• Bryce Miller's Monochrome Daydream uses the "Drift" motif as a recurring theme.

  • Most of the music in The X-Files is derived from the series' theme song.

  • This is very popular in modern musicals. Shows like Wicked, Les Misérables and just about anything by Andrew Lloyd Webber have about five tunes reconfigured into twenty songs.
    • Those are usually leitmotifs or dark reprises, though.
    • Wicked has the Overture chord progression, the melody and chords of "No One Mourns the Wicked" and the "unlimited" line from "The Wizard and I" as recurring themes.
  • Les Misérables does this a lot too, especially with "Look Down", which appears whenever something related to prison or misery comes up (Work Song, beginning of The Confrontation, Look Down, in the sewers), "Fantine's Arrest/The Docks", usually associated with Inspector Javert, and "Fantine's Death", which appears in relation to some main characters' deaths. In fact, most of the musical is built on recurring riffs.
  • Running throughout the score of the musical 110 in the Shade is a catchy, melodic hook. It appears as a fully developed song at the start of first act as "Gonna Be Another Hot Day" and at the start of the second as "Evenin' Star" (though this latter one was a Cut Song for many decades). A shorter Fanfare version turns up at a few highly dramatic moments.
  • The interludes in Benjamin Britten's opera adaptation of The Turn of the Screw are all based on a single theme.
  • Vanities somewhat has this in "I Don't Want To Miss a Thing", "Fly Into The Future", "Let Life Happen", and "Letting Go"(although the last was a Cut Song when the first debuted). Another recurring theme is in "An Organized Life", "Cute Boys with Short Haircuts", and "Friendship Isn't What It Used to Be". The bridge of "Hey There, Beautiful", the chorus of "Feelin' Sunny"(both cut after the 2008 Pasadena production) and the verse of "I Can't Imagine" also have a common theme. The intro of "FITF" uses the melody of the Cut Song "Nothing Like a Friend". The ACT production's version of "Letting Go" reprised part of "Mystery", that show's act opening number.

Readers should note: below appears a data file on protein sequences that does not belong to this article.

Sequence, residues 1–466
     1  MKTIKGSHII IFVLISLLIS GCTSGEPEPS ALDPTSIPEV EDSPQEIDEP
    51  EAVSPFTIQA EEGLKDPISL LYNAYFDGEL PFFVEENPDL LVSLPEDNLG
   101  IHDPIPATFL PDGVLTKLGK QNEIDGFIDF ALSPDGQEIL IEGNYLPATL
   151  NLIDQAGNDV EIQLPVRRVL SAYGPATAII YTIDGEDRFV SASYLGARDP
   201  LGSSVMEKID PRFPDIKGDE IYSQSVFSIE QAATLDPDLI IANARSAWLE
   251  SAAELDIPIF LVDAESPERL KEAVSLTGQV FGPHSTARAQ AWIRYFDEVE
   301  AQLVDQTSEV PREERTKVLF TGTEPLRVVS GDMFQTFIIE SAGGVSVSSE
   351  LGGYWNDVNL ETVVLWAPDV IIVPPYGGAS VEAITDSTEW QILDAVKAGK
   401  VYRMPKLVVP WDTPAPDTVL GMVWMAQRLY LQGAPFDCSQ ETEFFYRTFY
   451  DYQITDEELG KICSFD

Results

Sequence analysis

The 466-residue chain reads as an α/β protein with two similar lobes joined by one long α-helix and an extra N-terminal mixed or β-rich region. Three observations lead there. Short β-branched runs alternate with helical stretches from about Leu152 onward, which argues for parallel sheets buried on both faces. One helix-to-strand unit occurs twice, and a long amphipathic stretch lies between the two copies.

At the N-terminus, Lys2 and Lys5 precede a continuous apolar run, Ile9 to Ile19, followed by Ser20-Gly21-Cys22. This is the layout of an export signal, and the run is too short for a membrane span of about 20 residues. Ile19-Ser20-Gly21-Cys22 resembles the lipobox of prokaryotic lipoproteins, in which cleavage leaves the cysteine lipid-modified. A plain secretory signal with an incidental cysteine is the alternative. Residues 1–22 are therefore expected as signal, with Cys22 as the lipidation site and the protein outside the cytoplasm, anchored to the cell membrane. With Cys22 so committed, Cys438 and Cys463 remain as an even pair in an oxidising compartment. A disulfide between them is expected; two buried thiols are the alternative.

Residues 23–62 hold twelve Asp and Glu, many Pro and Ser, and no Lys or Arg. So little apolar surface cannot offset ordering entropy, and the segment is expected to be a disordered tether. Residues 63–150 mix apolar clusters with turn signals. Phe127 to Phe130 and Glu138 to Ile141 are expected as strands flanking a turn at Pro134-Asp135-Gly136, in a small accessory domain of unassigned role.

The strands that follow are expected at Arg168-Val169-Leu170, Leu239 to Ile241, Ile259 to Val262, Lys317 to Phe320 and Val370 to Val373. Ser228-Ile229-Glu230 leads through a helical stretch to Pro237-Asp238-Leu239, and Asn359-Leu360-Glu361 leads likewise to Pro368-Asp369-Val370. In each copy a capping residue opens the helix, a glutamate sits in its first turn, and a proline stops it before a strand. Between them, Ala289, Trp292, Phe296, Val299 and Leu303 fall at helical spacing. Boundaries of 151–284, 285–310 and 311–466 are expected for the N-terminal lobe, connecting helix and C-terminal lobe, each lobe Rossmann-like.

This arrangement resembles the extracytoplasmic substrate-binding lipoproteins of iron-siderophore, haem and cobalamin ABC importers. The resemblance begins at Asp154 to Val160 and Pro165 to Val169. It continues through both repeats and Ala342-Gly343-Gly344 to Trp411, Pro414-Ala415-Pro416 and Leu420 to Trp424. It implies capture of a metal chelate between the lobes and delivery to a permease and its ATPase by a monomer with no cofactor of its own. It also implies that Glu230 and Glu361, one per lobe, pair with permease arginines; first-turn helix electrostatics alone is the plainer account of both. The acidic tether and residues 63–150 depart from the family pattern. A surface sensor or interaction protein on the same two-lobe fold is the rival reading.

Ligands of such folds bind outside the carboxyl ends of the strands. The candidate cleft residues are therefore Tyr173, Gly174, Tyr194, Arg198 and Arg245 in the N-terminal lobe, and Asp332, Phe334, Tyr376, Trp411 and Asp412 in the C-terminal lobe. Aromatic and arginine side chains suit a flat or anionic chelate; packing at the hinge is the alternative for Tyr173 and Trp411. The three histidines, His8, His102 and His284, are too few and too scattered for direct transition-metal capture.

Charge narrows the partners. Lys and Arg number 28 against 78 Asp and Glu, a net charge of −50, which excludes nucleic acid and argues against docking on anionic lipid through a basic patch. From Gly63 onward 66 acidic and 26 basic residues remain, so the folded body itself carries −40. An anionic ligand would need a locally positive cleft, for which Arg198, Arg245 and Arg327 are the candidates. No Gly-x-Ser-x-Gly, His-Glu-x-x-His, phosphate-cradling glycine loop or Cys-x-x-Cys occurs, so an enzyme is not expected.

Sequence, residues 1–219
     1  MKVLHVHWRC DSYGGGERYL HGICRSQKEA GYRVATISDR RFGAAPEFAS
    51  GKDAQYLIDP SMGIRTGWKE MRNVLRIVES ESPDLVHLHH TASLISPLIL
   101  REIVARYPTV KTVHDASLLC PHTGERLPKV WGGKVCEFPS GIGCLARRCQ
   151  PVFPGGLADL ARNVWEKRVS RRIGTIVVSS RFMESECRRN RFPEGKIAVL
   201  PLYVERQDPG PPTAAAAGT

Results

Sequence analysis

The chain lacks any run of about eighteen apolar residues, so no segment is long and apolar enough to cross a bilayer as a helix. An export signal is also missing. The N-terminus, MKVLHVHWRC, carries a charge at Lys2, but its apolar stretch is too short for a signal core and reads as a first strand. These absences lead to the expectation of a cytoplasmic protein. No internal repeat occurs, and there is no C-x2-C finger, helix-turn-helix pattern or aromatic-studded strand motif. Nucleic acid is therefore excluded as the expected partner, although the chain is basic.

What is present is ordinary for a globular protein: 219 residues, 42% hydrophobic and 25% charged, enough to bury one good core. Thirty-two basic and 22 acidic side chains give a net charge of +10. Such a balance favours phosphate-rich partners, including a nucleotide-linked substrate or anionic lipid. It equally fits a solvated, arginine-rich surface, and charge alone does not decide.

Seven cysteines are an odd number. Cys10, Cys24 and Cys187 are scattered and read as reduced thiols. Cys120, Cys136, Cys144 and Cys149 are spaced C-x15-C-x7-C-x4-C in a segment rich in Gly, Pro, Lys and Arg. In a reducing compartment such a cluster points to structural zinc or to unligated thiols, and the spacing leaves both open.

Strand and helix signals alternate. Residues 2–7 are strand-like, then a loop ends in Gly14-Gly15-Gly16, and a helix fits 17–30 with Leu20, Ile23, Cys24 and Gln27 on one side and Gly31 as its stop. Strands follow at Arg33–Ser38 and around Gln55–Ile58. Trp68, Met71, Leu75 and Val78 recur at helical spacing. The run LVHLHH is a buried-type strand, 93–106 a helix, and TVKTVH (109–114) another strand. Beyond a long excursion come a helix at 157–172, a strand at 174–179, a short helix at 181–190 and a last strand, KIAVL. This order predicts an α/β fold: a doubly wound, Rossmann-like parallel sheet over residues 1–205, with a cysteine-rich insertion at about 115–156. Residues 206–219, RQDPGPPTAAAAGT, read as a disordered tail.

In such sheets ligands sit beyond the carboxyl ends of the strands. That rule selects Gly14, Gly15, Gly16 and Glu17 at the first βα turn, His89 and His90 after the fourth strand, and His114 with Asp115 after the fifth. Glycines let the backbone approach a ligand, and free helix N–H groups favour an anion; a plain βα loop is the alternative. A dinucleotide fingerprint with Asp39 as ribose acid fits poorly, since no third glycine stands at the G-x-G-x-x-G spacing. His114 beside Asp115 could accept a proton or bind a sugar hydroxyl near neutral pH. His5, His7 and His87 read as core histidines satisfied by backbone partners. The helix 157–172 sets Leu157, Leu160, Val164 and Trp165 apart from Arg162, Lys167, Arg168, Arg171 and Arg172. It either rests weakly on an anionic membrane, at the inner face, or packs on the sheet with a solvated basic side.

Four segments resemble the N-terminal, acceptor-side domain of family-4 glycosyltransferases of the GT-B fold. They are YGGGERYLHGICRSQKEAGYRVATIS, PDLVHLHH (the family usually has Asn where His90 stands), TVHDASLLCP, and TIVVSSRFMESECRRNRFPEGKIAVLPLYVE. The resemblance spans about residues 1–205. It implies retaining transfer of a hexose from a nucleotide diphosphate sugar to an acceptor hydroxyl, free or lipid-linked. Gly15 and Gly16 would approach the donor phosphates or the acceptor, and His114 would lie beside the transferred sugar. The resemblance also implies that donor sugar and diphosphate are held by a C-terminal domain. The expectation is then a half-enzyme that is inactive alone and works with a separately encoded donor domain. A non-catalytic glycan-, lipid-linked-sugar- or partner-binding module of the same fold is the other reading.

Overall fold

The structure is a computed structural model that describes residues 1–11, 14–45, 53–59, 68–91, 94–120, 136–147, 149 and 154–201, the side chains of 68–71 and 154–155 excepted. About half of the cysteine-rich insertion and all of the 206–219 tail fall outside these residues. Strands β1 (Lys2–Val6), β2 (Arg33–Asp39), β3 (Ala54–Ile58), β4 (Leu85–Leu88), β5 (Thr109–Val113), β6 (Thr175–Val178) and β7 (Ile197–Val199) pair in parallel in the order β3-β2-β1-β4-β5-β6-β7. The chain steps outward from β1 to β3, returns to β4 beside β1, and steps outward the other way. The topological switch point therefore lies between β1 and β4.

• In West Side Story, every song has the three notes that make up the Jets' distinct whistle hidden within them.
  • Cirque du Soleil:
    • Amaluna has "All Come Together" as its primary recurring theme.
    • Luzia uses "Cierra Los Ojos" as an instrumental motif at various points.
  • Matilda has many, including "The Hammer", heard in instrumental variations during "Story #2" and the intro of the cut song "Perhaps a Child", the chorus and instrumental backing of "Bruce", reused in the first half of "Quiet" and the intro of "I'm Here"; the refrain of "Miracle", reprised in "School Song" and "Revolting Children"; the "Naughty/When I Grow Up" motif; Miss Honey's "This Little Girl" aria; the chant at the end of "Bruce", which appears in minor form at the end of "I'm Here".; and the background melody during Matilda's stories, which is reprised With Lyrics as the main melody of "I'm Here" during the last story.